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ASISA: Invest in advice for financial peace of mind

01 February 2012 Association for Savings and Investment South Africa (ASISA)
Peter Dempsey, Deputy Chief Executive Officer 
Association for Savings and Investment South Africa (ASISA)

Peter Dempsey, Deputy Chief Executive Officer Association for Savings and Investment South Africa (ASISA)

A solid long-term financial plan drawn up by a trusted adviser is the best investment you can make this year, according to Peter Dempsey, deputy CEO of the Association for Savings and Investment South Africa (ASISA).

Dempsey says consumers tend to identify a financial goal such as a wedding, their children’s education, or their retirement and then save towards that goal in isolation. He points out that very few people plan for the financial impact of events such as losing a job, long-term disability, critical illness, caring for a loved one, or getting divorced.

“You may have been saving diligently for your retirement when unexpectedly one of your children survives a horrific accident and requires expensive medical care for a protracted period. Since you have no other way of funding the medical costs, you dip into your retirement savings. Suddenly, because of an unforeseen event, your family’s future financial security is at risk.”

Dempsey points out that many people don’t realise that the role of the financial adviser is much wider than helping clients pick the right mix of unit trust funds for their investment portfolio.

“A good financial adviser will assess your unique situation holistically and help you implement a comprehensive strategy that will come to the financial rescue when unforeseen events present themselves as well as provide for planned events.”

Dempsey says while any form of saving is better than nothing, a well thought through savings and investment plan will ensure that your efforts are maximized.

“There is little point in saving towards your children’s education, for example, if you do not have adequate life and disability cover in place,” he says.

He adds that independent research conducted on behalf of ASISA in 2010 has shown that the average South African income earner is underinsured by at least R600 000 in the event of death and by R900 000 in the event of disability. “This means that the average family would have to cut living expenses significantly if the main earner of a household dies or becomes disabled.”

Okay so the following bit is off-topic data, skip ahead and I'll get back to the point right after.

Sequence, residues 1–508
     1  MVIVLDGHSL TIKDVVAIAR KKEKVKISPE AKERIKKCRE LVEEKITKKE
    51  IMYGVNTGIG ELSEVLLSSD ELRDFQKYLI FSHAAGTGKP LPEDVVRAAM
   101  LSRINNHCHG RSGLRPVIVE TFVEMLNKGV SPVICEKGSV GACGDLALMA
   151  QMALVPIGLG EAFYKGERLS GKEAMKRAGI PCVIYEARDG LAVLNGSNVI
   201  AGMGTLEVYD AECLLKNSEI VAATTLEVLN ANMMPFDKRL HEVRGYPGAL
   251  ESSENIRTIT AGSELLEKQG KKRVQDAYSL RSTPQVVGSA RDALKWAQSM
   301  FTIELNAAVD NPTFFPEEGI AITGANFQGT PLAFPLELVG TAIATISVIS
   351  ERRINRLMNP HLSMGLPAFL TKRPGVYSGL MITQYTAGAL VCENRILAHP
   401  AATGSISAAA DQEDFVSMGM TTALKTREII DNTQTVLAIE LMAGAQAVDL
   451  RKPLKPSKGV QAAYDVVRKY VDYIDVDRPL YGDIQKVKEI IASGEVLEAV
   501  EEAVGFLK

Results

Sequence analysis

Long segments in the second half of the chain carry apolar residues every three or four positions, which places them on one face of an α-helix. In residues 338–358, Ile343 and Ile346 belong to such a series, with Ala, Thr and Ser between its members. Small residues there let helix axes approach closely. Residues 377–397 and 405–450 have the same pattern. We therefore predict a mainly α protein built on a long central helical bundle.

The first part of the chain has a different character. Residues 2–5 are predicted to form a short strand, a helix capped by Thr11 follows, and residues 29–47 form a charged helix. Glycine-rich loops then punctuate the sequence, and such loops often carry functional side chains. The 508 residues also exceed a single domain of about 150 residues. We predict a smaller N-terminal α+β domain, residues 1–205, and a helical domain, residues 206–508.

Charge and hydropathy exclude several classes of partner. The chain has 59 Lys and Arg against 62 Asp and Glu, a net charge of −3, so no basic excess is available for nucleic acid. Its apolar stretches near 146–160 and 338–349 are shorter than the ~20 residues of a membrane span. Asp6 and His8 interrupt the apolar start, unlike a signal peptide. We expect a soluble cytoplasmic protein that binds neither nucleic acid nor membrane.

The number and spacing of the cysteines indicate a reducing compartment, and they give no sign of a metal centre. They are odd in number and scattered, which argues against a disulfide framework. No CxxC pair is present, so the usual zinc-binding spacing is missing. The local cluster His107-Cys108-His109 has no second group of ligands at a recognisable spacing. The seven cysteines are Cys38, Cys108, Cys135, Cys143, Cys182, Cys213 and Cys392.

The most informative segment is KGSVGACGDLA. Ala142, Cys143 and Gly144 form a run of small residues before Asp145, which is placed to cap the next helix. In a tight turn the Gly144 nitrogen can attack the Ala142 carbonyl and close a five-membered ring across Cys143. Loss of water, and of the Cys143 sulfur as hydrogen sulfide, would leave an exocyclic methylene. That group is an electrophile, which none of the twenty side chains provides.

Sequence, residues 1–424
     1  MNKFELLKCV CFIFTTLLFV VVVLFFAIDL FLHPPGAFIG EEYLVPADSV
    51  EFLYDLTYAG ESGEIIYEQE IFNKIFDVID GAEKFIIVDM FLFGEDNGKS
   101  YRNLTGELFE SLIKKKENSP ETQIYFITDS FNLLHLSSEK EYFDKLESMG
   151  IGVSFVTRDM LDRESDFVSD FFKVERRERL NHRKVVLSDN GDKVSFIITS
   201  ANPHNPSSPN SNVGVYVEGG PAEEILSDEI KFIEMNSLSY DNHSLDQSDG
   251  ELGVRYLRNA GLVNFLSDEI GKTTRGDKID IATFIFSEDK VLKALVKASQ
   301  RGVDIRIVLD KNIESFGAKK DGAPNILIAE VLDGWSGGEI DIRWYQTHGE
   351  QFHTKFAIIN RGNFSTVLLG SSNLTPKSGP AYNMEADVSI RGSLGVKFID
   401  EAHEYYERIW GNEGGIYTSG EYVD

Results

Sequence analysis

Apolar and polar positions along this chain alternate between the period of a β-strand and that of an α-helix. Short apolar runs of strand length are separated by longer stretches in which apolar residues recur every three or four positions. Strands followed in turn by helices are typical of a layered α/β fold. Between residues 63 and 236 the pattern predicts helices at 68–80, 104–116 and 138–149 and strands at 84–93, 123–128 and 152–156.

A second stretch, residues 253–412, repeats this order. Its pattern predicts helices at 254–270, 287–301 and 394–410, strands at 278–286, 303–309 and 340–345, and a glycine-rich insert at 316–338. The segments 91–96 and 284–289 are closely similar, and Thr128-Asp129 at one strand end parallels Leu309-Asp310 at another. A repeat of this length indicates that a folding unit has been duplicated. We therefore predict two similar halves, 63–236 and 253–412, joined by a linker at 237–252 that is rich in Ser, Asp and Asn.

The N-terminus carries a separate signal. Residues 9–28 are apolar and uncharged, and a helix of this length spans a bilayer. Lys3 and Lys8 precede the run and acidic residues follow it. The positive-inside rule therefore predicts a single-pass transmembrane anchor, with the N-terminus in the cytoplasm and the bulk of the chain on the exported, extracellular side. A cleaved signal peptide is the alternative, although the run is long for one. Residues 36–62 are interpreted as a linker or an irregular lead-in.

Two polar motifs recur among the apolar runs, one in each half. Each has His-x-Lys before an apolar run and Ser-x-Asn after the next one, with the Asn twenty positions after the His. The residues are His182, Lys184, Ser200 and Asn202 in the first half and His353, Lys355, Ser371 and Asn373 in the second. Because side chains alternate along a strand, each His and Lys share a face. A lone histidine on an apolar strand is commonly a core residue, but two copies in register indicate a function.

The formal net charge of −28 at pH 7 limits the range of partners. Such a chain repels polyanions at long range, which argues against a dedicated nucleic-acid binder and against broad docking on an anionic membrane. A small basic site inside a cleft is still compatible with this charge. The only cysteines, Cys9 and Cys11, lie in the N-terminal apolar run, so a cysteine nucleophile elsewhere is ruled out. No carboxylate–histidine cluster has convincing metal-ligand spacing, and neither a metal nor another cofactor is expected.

Research conducted by ASISA member companies also presents the shocking reality that only around 6% of South Africans can afford to retire comfortably.

In addition, the 2011 statistics for the Collective Investment Schemes (CIS) industry show that the majority of investors still hold their money in domestic fixed interest funds (money market, bond, income and varied specialist funds). “This means that over the long term these investors are forfeiting inflation beating capital growth for a false sense of security,” says Dempsey.

Dempsey says there are many more credible pieces of research that provide irrefutable evidence that South Africans are in dire need of financial advice, that this need is growing and that good financial advice adds value.

“This value add does not only relate to higher returns or lower charges, but also to a comprehensive financial plan that is expertly managed to adapt as you move through your various life stages,” says Dempsey.

He says research conducted among investors who use a financial adviser found that the following benefits are valued most:

  • Recommendations based on actual needs.
  • The provision of appropriate savings and investment options.
  • Informed expert opinions.
  • Personal relationships.
  • Ongoing management of the financial plan and the underlying investments.

The reality, says Dempsey, is that saving and investing requires a fundamental shift in attitude. “The act of saving always requires a sacrifice. When you put money away for something that may happen in the future, you sacrifice the instant gratification of spending this money in the now.

“Making that sacrifice with the help of a trusted financial adviser ensures that this is at least a worthwhile sacrifice.”

Dempsey encourages investors to consider the following when saving and investing:

  • Do not save towards a specific event in isolation.
  • Anticipate that life will present you with curve balls and factor this into your long-term investment plan.
  • Start saving from the day you earn your first salary and save all the time.
  • Cover yourself and your family against the financial impact of tragic unforeseen events like death and disability.
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